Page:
Chess World Cup: Pragg-Carlsen final heads into tie-breakers

Azerbaijan's first Woman Grandmaster, Aynur Sofiyeva, makes the ceremonial first move in the second game between Norway's Magnus Carlsen and India's R Praggnanandhaa at the final of the Chess World Cup 2023 in Baku on Wednesday. Photo: PTI

Baku: In an anticlimax of sorts, the second game of the Chess World Cup final between Indian teen sensation R Praggnanandhaa and Magnus Carlsen failed to throw a winner, as it ended in a draw after 30 moves here on Wednesday.

The two players settled for a quiet draw in the second classical game after one-and-a-half hours of play.

The champion will be decided via two tie-breaks on Thursday.

Five-time world champion Carlsen played a solid game with white pieces against Praggnanandhaa. The Indian did not face any trouble with black pieces, with the players agreeing to a draw after 30 moves in an equal Bishop ending.

Praggnanandhaa was ahead on time at the start of the contest, but was unable to press home the advantage. He himself came under time by the end of the contest.

The first game on Tuesday had ended in a stalemate after over four hours of play and 70-plus moves, following which Carlsen said he was a bit under the weather.

Speaking after the game, Praggnanandhaa said, "I didn't really think that he would go for a quick draw today, but I realised when he went for this line that he wanted to make a draw; I was also fine with that.

"I also feel exhausted, as I said in the previous interviews. Now I can just give everything tomorrow and relax after that."

To a question if he realised that Carlsen was under the weather during the first game, the Indian player said, "Yeah. I did feel that he did not have a lot of energy. I hope he recovers tomorrow."

Asked if he would suggest to the organisers of the World Cup in future for an extra rest day before the final, he said, "Yeah, if it is there. It would be good."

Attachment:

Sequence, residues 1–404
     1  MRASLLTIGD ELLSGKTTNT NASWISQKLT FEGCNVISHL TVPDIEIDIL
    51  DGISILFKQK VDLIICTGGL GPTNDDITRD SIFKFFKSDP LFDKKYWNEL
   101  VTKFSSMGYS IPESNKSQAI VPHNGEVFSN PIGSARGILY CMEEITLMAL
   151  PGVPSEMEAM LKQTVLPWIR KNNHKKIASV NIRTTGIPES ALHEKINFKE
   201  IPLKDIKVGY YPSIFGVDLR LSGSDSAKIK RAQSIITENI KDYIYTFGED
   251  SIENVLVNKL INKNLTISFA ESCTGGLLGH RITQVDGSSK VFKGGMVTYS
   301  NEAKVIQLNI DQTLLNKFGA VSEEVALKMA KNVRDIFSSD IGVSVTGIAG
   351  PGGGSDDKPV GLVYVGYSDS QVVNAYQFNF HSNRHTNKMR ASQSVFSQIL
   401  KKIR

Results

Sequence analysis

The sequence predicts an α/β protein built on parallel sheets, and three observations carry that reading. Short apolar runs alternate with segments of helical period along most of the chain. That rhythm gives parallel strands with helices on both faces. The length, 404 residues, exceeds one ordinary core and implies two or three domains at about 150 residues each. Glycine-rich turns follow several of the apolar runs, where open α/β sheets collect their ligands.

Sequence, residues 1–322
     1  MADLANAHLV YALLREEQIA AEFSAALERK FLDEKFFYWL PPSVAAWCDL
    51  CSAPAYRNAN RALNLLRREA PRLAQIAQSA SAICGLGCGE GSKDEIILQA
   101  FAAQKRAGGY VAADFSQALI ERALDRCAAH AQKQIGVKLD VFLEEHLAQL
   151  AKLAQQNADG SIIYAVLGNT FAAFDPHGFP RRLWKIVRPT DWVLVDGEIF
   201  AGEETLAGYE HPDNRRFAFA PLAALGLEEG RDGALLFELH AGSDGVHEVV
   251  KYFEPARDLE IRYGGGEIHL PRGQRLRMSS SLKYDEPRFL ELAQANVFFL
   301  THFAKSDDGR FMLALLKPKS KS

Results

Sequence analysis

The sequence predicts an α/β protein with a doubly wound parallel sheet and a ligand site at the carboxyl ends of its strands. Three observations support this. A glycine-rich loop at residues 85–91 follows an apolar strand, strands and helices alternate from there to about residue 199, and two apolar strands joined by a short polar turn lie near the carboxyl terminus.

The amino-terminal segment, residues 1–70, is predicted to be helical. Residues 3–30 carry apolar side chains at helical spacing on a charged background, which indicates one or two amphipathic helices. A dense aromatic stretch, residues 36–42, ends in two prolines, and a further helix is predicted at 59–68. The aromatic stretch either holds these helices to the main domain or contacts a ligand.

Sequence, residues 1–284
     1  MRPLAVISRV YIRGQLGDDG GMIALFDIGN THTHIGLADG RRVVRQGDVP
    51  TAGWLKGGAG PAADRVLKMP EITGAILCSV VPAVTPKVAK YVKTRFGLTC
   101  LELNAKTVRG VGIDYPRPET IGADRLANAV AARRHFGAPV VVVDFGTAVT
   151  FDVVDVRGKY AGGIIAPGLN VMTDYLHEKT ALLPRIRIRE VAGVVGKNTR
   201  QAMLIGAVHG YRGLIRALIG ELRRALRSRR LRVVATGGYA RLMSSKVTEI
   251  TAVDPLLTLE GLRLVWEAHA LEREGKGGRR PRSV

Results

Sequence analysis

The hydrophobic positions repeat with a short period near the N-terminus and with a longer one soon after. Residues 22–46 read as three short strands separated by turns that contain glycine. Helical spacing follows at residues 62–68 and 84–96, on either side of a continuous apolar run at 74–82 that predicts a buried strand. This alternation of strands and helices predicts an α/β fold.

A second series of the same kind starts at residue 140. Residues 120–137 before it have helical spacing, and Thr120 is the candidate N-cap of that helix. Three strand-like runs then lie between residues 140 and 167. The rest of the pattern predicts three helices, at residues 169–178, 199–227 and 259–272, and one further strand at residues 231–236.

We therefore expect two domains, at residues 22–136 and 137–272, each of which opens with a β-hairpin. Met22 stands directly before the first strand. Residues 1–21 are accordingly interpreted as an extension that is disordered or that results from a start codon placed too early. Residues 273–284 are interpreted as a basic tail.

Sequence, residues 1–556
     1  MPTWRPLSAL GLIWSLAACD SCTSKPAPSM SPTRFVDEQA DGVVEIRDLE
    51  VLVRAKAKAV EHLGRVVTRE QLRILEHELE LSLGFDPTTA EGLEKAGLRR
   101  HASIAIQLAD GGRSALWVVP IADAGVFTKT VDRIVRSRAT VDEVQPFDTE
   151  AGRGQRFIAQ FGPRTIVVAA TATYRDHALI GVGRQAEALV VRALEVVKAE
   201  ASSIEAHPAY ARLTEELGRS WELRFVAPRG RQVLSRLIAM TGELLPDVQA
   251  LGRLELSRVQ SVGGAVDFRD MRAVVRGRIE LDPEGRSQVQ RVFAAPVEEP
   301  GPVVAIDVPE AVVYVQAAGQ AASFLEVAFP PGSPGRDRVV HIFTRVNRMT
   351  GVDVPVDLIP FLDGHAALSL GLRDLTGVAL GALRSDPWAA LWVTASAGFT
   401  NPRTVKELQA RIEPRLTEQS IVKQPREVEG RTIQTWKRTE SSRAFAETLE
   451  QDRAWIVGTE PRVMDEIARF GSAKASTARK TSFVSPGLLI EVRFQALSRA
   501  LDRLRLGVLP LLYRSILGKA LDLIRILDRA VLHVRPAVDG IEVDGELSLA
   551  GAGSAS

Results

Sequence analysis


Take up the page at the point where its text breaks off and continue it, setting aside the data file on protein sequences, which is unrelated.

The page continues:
About the media attention he was getting, the Indian star said, "I am definitely getting used to this. It is good to see so many people following chess. Chess is definitely getting popular, that way I am very happy."

The 18-year-old Praggnanandhaa has been enjoying an incredible run in the tournament, having already beaten world No.2 Hikaru Nakamura and world No.3 Fabiano Caruana to set up a final date against the Norwegian Grandmaster.

The results in the ongoing tournament also helped Praggnanandhaa qualify for Candidates 2024 tournament, which will be held in Canada.

Praggnanandhaa, thus, became the third youngest player after the legendary Bobby Fischer and Carlsen to qualify for the Candidates tournament.

After the game, Carlsen said, "Praggnanandhaa has already played a lot of tie-breaks against very strong players... I know he is very strong. If I have some energy, if I have a good day, obviously I will have good chances."

"I am very grateful to the organisers, FIDE and the doctors and nurses, who got me some good treatment. Today, I am feeling a bit better but I still didn't feel like I had the energy for a full fight, so I thought, let's get one more day of rest.

"Hopefully, I will have more strength tomorrow," the Norwegian world No.1 added.

The two tie-break games in rapid format will be played with a time control of 25 minutes for each player plus 10 seconds increment per move, starting from move 1.

If those two games also fail to throw a winner, two more games with time control of 5 minutes for each player will be played. There will be 3 seconds increment per move, starting from move 1.

Praggnanandhaa is only the second Indian after the legendary Viswanathan Anand to reach the World Cup final.

Posting on social media platform X (formerly Twitter) during the game, former world champion Anand wrote, "Wow, did not expect this opening! Is Magnus repeating his game 12 strategy of 2016 and aiming for a tiebreak?"

"If so, Magnus has spent the day thinking of the tiebreak whilst Prag can only start to do so after the game."

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